From the GIC Spring 2000 Newsletter pdf format of fybspring2000.pdf

Ready to shake the winter doldrums? Get outdoors and hop on your bike. However, use your head, that is a helmet on your head, along with bicycle safety practices. Leftover winter sand on the street can be particularly hazardous. And, you need to share the road safely with those big cars and trucks you've been in all winter.

Your brain is your best asset
Even a low-speed fall on a bicycle path can cause brain injury. Bicycle helmets can reduce the risk of injury from a bicycle crash by 85%. Seventy to eighty percent of the 1000 deaths each year from bicycle crashes are the result of head injury. Bicycles are the second leading cause of childhood injuries, after automobiles. Doesn't it make sense to protect your (and your child's) head?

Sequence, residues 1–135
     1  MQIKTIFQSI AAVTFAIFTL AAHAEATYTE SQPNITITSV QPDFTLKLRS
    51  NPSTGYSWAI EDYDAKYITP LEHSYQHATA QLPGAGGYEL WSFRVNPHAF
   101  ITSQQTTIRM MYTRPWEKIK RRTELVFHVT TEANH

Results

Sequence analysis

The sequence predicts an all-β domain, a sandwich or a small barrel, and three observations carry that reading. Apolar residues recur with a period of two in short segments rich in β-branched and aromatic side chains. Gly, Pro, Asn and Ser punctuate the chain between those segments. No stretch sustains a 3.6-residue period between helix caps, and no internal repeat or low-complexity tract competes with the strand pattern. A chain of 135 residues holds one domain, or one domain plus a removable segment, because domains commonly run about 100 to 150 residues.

Helmet fit: A bicycle helmet should be level on your head, touch all around, be comfortably snug, and not move more than an inch in any direction.

Helmet color: The brighter, the better

Keep it simple: Thin straps, complicated adjustments, aerodynamic designs, visors, and excessive vents are generally less safe and less user friendly than the plainer alternatives.

Helmet resources: All helmets made for U.S. sale after March 10, 1999 must meet the US Consumer Product Safety Commission standard -- look for the sticker. Review helmet specifications and warranties.

Don't wait to replace your helmet: Even if there's no visible damage after a crash, replace your helmet. Also, most manufacturers recommend replacing your helmet every five years.

This information provided by the Group Insurance Commission .